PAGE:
In a couple of years motorists in and around Morris Plains and Parsippany-Troy Hills in New Jersey’s Morris County will reap the benefit of ongoing upgrading work at the busy interchange of Route 10 and Route 53.
“As part of this wholly state-funded $7.5 million project, the New Jersey Department of Transportation [NJDOT] began reconstructing and realigning the interchange at the beginning of November 2009. During the early phases of the job drainage will be upgraded, utilities relocated, and a nearby property demolished,” said Tim Greeley, press officer of the NJDOT Office of Communications.
“The project also includes installing new acceleration lanes on Route 10 and eliminating exit and entrance ramps in both directions on both it and Route 53. The latter will also receive a pair of new signalized intersections with local streets as well as undergoing reconstruction to provide dedicated turning lanes at two other intersections, thus reducing queues of traffic,” he added.
Tilcon New York Inc., of Wharton, N.J., is the prime contractor.
“Clearing and grubbing has been completed though relocation of utility poles still needs to be completed,” Eric Alheidt, project supervisor of Tilcon, said in December. “We are currently excavating detention basins, moving earth to the fill areas, and we also have a drainage crew working.”
The excavation crew is comprised of three operators and three laborers. The drainage crew has two operators and three laborers. The crews are using John Deere 450D and Case 330 excavators, a Caterpillar D6 dozer, and a 30-cu.-yd. (23 cu m) haul truck.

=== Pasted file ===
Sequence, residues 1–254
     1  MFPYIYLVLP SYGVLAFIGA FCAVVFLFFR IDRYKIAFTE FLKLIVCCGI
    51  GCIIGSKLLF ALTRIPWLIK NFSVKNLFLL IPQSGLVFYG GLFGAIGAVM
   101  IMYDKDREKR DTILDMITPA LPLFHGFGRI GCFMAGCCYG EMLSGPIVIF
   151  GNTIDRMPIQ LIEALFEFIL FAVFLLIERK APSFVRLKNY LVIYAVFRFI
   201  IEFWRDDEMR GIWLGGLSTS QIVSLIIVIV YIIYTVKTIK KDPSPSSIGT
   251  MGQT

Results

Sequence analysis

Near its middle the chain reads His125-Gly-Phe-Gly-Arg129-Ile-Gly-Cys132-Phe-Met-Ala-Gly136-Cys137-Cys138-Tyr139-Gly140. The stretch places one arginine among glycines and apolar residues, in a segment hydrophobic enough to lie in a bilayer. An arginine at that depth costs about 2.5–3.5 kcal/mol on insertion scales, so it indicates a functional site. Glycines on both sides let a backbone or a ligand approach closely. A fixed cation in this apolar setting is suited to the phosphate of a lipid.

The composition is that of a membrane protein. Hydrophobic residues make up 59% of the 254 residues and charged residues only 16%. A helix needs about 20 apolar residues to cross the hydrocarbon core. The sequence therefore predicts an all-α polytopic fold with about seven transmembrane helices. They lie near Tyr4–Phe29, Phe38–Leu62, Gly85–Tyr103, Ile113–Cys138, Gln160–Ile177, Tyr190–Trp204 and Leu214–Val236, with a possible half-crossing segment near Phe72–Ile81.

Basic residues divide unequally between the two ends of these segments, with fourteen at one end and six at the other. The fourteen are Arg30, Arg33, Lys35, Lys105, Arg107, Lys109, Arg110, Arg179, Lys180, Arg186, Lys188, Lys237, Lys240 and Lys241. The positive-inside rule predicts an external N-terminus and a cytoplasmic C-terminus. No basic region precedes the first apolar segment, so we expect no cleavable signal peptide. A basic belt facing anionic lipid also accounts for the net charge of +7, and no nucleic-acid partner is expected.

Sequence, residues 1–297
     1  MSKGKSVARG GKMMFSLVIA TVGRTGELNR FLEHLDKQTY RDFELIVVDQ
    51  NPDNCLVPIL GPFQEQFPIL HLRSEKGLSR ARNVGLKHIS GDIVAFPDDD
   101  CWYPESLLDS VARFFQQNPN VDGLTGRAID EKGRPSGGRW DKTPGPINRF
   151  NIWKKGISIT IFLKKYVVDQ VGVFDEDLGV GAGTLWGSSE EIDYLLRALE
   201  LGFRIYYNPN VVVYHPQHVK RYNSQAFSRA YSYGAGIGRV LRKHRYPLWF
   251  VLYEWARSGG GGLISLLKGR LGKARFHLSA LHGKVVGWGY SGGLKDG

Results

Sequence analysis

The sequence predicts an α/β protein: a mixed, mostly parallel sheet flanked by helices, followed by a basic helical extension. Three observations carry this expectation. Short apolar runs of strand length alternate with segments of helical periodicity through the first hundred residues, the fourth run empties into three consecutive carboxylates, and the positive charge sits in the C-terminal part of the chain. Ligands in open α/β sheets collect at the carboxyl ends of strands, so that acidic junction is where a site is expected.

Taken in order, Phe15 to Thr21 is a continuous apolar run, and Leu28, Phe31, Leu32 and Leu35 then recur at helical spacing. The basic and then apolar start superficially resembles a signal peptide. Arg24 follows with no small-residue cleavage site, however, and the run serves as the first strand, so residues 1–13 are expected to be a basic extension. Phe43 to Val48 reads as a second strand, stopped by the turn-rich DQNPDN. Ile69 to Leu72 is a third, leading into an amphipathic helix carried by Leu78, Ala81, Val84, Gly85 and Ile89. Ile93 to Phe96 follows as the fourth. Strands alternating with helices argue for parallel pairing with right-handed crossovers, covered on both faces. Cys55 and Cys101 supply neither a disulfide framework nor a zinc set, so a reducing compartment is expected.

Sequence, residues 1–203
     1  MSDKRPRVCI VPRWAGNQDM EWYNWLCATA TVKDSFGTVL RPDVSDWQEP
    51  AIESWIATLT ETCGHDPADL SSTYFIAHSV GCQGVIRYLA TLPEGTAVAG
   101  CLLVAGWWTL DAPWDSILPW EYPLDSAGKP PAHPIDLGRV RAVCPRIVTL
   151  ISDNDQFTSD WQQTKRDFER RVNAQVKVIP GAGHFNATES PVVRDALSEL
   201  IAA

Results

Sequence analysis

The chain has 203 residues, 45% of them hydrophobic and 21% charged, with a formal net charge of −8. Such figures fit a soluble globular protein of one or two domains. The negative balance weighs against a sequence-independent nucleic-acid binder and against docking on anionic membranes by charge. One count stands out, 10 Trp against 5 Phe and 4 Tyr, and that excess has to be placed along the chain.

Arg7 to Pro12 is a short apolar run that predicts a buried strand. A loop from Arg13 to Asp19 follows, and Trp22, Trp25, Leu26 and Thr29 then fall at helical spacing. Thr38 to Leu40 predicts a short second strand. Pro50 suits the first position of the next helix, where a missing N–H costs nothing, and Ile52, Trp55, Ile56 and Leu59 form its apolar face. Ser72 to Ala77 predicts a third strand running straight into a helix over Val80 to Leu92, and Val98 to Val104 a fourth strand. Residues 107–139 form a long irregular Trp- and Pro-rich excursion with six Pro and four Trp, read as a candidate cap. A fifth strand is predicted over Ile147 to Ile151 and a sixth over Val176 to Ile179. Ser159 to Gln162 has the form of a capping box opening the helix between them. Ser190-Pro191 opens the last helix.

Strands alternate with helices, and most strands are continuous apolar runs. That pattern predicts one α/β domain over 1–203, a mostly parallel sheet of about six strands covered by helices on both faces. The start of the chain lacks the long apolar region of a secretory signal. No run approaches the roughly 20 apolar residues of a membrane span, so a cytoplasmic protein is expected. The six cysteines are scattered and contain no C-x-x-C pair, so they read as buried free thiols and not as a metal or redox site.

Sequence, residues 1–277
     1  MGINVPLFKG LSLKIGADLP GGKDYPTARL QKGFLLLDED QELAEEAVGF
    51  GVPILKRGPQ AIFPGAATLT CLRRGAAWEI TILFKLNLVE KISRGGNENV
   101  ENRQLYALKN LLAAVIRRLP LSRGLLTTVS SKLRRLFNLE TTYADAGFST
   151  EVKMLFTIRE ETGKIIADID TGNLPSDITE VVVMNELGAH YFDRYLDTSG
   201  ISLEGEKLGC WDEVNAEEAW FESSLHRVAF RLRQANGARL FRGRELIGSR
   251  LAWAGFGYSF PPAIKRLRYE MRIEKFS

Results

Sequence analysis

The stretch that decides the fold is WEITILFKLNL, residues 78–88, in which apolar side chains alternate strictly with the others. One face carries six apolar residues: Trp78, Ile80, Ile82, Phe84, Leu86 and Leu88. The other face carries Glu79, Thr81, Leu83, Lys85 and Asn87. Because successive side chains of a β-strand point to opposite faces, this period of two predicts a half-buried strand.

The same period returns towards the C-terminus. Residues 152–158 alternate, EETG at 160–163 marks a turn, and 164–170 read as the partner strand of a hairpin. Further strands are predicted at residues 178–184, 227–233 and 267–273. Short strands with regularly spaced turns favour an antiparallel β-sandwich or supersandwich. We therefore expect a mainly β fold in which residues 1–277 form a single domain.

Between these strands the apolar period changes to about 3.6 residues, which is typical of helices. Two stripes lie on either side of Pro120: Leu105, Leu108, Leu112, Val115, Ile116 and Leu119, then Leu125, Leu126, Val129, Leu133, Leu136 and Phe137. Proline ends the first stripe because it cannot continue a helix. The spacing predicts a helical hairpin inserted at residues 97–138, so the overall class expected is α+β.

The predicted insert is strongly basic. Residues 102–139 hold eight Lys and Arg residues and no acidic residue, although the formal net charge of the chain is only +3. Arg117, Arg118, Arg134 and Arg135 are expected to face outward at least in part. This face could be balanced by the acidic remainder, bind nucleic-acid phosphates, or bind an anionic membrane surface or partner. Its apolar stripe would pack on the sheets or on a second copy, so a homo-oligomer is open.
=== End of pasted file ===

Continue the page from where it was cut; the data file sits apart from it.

Apart from Alheidt, support staff includes Barry Huston, construction manager; Rod Waite, general superintendent; and Joseph Lotruglio, senior estimator.
An Unpleasant Surprise
Tilcon began work on the interchange on Nov. 3. The job is on schedule, with an estimated completion time in May 2011, despite an unexpected need to remove contaminated soils encountered at the site of the nearby structure, a gas station.
“NJDOT didn’t realize there was contaminated soil or asbestos in the abandoned service station,” Alheidt explained. “The cleanup will be completed within a month, but will not affect the completion date.
“This is a challenging project with multi-staging in a busy urban environment,” he continued. “Because this project is being carried out at a high traffic intersection, local police are required to handle traffic control.”
New Jersey Subs
The project is state-centric since all of Tilcon’s subcontractors are based in New Jersey. They include Mountain View Layout of Rockaway, N.J., which handled survey and layout, with utility pole relocation being carried out by JBL Electric, based in Totowa. John Fogg Trucking, Paving & Excavating in Butler is undertaking clearing, Fairfield’s Tiffany Electric Inc., is handling electrical work, and the Keyport branch of Mattiola Services LLC is providing environmental services. J. Fletcher Creamer & Sons of Hammonton is in charge of guide rail and signage work, with Consolidated Steel & Aluminum, headquartered in Kenilworth, providing chain link fencing and VIP Contractors Inc., of Union handling landscaping.
Other subcontractors on the job are Statewide Striping Corporation, based in Parsippany. Statewide is in charge of striping and bridge work is by Oxford Construction Inc., in Lebanon. Asbestos removal was done by Boonton’s Niram Inc., and MV Construction, based in Colonia, is providing curb and sidewalk services.
Tilcon New York Inc. is active on both sides of the construction market, providing material supplies as well as site work and paving. Previous notable New Jersey projects include reconstruction and repaving on Route 78, several resurfacing projects on Route 80, and the Route 202/Case Boulevard intersection improvements, as well as work on the Garden State Parkway, New Jersey Turnpike, Newark Airport, Teterboro Airport, and many counties and municipalities in northern New Jersey. In addition, the company also worked on the Route 17 project in East Rutherford and the Route 287 job in Oakland, N.J.
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